The Revolutions of Agriculture,
10,000 b.c.e.–3000 b.c.e.
CHAPTER LEARNING OBJECTIVES
TO MAKE STUDENTS AWARE THAT AGRICULTURE EVOLVED INDEPENDENTLY IN SEVERAL REGIONS OF THE WORLD
To trace the development of agriculture and its local variations
To consider the social implications of the Agricultural Revolution
In the past two centuries, there has been a dramatic decline in the number of farmers worldwide.
United States an extreme case: only around 5 percent of Americans, many of them over 65 years old, were still on farms in 2000
great increase in the productivity of modern agriculture
The modern retreat from the farm is a reversal of humanity’s first turn to agriculture. II.
The Agricultural Revolution in World History
Agriculture is the second great human process after settlement of the globe.
started about 12,000 years ago
often called the Neolithic (New Stone Age) or Agricultural Revolution
deliberate cultivation of plants and domestication of animals
transformed human life across the planet
Agriculture is the basis for almost all human developments since.
Agriculture brought about a new relationship between humans and other living things.
actively changing what they found in nature rather than just using it
shaping the landscape
selectively breeding animals
“Domestication” of nature created new mutual dependence.
many domesticated plants and animals came to rely on humans
humans lost gathering and hunting skills
There was an “intensification” of living: getting more food and resources from much less land.
more food led to more people
more people led to greater need for intensive exploitation III.
Comparing Agricultural Beginnings
The Agricultural Revolution happened independently in several world regions.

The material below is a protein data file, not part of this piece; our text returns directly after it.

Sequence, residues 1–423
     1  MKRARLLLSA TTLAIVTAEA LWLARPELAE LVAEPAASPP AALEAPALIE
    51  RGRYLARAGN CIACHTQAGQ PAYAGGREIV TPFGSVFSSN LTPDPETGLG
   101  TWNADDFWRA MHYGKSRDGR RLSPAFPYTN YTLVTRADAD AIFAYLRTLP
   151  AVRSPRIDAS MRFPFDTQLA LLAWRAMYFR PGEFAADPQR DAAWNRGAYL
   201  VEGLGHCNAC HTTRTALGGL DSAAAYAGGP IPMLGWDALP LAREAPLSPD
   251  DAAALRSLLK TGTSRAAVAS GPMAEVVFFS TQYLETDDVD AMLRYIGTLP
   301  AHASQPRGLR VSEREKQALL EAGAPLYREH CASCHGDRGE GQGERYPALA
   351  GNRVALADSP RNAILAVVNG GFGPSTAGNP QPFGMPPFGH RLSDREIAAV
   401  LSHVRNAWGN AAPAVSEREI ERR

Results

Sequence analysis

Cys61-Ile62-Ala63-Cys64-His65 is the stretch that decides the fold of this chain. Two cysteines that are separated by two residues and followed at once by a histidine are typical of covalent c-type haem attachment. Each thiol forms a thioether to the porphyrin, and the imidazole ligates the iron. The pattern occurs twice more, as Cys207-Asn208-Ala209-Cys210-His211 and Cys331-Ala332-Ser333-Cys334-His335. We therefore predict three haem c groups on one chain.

Fertile Crescent of Southwest Asia
several areas in sub-Saharan Africa
eastern North America
all happened at about the same time, 12,000–4000 years ago
scholars have struggled with the question of why agriculture developed so late in human history
Agricultural Revolution coincided with the end of the last Ice Age
global warming cycle started around 16,000 years ago
Ice Age was over by about 11,000 years ago
end of Ice Age coincided with human migration across earth
extinction of some large mammals: climate change and hunting
warmer, wetter weather allowed more wild plants to flourish
gathering and hunting peoples had already learned some ways to manage the natural world
“broad spectrum diet”
development of sickles, baskets, and other tools to make use of wild grain in the Middle East
Amazon: peoples had learned to cut back some plants to encourage growth of the ones they wanted
Australians had elaborate eel traps
women were probably the agricultural innovators
gathering and hunting peoples started
to establish more permanent
especially in resource-rich areas
population growth perhaps led to a “food crisis”
agriculture developed in a number of regions, but with variation
depended on the plants and animals that were available
only a few hundred plant species have been domesticated
only fourteen large mammal species were domesticated
the Fertile Crescent was the first to have a full Agricultural Revolution
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